Who Says That Chance Rules in the Affairs of Men?

Some years ago, while driving into Boston to attend a conference on “Changing and Unchanging Values in the World of the Future,” I noticed a billboard advertising not the latest consumer gadget but a sage observation attributed to Winston Churchill.  “The farther backward you can look,” it said in large black letters, “the farther forward you are likely to see.” 

It seemed more than a coincidence that the conference I was attending was at the Frederick S. Pardee Center for the Study of the Longer-Range Future at Boston University.  Had some representative of that institution contrived to place Churchill’s fortifying admonition at the city gates?

I was disappointed to learn that the message had been arranged, not by the Pardee Center, but by some other civic-minded entity or individual. Nevertheless, if Churchill’s observation is not the motto of the Pardee Center, perhaps it should be.

The past does not provide a window overlooking the future, exactly; nothing short of clairvoyance can promise that. Nor is it even quite true, as George Santayana famously remarked, that “Those who cannot remember the past are condemned to repeat it.” (I recently had something to say about that in this space.)

History is not a form of prophylaxis. But knowledge of history does acquaint us with the permanent moral and political alternatives that mankind confronts in its journey through time.

It reminds us, for example, how regularly tyranny masquerades as virtue, how inhumanity is apt to cloak itself in the rhetoric of righteousness. (This is not, as St. Paul’s second letter to the Corinthians reminds us, a new insight: “Satan himself is transformed into an angel of light. Therefore it is no great thing if his ministers also be transformed as the ministers of righteousness; whose end shall be according to their works.”)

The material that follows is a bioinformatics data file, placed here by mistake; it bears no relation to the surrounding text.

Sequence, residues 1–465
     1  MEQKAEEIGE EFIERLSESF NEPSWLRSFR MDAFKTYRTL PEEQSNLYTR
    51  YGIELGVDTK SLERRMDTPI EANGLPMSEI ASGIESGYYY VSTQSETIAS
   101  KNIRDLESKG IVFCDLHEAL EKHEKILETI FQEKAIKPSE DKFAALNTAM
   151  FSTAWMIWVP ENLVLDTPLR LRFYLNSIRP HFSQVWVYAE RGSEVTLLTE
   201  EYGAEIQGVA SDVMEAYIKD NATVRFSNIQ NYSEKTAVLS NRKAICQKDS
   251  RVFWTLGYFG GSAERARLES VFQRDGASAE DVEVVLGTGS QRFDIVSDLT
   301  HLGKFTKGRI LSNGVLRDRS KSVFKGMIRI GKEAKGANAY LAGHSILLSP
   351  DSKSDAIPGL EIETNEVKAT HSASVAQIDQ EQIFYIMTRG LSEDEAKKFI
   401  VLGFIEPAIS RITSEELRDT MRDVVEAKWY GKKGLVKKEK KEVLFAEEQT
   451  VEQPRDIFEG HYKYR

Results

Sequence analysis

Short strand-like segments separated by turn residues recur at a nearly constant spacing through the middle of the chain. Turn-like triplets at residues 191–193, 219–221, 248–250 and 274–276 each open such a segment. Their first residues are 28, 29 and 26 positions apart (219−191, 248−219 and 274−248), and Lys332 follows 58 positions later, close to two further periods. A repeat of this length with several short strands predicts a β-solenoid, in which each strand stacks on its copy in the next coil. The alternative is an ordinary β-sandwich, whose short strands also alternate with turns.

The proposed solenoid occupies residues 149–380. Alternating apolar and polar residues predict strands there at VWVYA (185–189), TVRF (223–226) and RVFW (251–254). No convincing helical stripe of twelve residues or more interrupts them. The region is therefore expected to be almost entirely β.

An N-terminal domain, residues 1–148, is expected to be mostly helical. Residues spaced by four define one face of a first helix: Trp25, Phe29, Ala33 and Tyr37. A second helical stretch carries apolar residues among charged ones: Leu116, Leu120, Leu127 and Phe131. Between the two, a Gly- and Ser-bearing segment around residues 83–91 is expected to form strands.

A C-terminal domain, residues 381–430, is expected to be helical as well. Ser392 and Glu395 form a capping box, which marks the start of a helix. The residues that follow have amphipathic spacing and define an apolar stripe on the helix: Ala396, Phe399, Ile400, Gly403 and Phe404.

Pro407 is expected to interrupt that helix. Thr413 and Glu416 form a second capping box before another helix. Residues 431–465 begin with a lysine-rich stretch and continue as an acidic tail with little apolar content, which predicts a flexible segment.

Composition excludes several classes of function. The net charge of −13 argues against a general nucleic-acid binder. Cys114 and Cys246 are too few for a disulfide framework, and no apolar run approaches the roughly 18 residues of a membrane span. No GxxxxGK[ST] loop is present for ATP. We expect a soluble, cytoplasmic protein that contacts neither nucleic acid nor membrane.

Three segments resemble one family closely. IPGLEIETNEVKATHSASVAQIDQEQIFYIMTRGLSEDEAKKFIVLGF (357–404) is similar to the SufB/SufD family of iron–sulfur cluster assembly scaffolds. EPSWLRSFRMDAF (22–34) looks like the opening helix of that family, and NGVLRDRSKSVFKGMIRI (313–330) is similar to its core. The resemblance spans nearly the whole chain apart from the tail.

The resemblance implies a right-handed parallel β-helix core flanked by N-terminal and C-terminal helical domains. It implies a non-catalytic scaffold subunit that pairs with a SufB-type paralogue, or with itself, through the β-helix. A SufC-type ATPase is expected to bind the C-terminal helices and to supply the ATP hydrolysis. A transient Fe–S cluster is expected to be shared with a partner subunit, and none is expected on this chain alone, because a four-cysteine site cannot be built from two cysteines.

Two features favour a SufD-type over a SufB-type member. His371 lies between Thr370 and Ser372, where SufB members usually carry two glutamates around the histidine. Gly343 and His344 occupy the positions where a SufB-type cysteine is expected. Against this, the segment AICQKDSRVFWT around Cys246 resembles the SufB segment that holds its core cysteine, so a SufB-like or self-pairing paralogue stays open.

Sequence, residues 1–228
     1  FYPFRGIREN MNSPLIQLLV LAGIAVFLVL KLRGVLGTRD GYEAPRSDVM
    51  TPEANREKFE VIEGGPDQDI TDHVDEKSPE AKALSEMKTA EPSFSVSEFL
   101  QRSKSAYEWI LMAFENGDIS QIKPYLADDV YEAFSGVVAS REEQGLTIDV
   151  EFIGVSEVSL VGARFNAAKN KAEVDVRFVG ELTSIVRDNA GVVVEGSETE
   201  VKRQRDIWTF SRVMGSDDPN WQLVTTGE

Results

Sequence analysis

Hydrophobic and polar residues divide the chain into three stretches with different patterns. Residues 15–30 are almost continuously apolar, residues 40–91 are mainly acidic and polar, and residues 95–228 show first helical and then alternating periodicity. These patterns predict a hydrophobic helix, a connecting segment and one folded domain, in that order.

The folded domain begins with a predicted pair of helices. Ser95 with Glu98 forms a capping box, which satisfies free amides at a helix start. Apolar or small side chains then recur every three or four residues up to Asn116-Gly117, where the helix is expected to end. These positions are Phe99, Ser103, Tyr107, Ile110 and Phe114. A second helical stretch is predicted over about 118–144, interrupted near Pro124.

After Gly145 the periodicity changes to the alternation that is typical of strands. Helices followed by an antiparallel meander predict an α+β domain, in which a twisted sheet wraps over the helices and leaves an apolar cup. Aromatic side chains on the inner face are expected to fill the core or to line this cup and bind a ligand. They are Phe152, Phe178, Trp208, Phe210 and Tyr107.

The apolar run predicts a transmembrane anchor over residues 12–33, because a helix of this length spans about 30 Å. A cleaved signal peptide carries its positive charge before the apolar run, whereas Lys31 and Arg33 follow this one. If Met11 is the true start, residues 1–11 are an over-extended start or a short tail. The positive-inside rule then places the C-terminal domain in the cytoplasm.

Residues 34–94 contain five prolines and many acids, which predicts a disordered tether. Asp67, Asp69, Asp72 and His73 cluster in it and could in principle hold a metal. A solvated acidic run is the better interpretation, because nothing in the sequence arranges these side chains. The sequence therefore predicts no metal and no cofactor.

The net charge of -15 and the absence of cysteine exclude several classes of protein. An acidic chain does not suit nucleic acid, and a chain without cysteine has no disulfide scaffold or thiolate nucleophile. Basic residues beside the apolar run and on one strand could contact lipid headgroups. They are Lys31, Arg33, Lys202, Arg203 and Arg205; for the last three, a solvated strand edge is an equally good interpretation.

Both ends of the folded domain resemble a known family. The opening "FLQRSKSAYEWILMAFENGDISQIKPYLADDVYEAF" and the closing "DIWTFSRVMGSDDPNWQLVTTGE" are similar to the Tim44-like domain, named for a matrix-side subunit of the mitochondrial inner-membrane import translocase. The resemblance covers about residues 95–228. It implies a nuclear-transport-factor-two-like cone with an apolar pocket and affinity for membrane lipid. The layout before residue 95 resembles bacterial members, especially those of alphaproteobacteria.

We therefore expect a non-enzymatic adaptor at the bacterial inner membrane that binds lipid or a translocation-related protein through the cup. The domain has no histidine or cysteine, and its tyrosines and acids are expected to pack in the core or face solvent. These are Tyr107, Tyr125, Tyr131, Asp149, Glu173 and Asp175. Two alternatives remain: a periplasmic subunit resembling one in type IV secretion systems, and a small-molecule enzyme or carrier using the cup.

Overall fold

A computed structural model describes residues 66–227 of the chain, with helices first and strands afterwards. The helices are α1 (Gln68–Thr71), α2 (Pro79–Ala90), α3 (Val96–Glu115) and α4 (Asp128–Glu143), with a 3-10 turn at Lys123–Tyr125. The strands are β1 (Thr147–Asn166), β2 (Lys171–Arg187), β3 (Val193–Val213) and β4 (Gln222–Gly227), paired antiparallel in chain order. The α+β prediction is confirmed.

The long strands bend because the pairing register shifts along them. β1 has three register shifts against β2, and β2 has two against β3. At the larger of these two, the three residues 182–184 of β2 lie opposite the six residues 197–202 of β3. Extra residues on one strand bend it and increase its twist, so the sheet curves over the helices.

Above all, perhaps, knowledge of history can serve to temper our presumption. As I reflected on Churchill’s observation and the subject of the conference, I was struck anew by the large quota of optimism that language budgets into our lives.

There is a sense, I suppose, in which the fact that it was felt necessary to establish a center for study the “longer-range future” betrays a certain anxiety. A carefree future needn’t be studied, merely enjoyed.

Still, in the larger sense it can be said that any institution that presupposes “the longer-range future” is an institution conceived in hope and consecrated to a cheerful view of mankind’s destiny.

And it is worth noting how regularly, in ways small and large, such hopefulness insinuates itself into our plans and projects. Consider only that marvelous phrase “the foreseeable future.” With what cheery abandon we employ it!

Yet what a nugget of optimism those three words encompass. How much of the future, really, do we foresee? A week? A day? A minute? “In a minute,” as T. S. Eliot said in “The Love Song of J. Alfred Prufrock,” “there is time/For decisions and revisions which a minute will reverse.”

So much of life is a juggling with probabilities, a conjuring with uncertainties, that we often forget upon what stupendous acts of faith even the prudent conduct of life depends. Had I been asked, on September 10, 2001, whether New York’s Twin Towers would continue standing for “the foreseeable future,” I should have answered “Yes.”

And so, in one sense, they did.

Only my foresight was not penetrating enough, not far-seeing enough, to accommodate that most pedestrian of eventualities: an event.

An event is as common as dirt; it is also as novel as tomorrow’s dawn. “There is nothing,” the French writer Charles Péguy noted in the early years of the 20th century, “so unforeseen as an event.”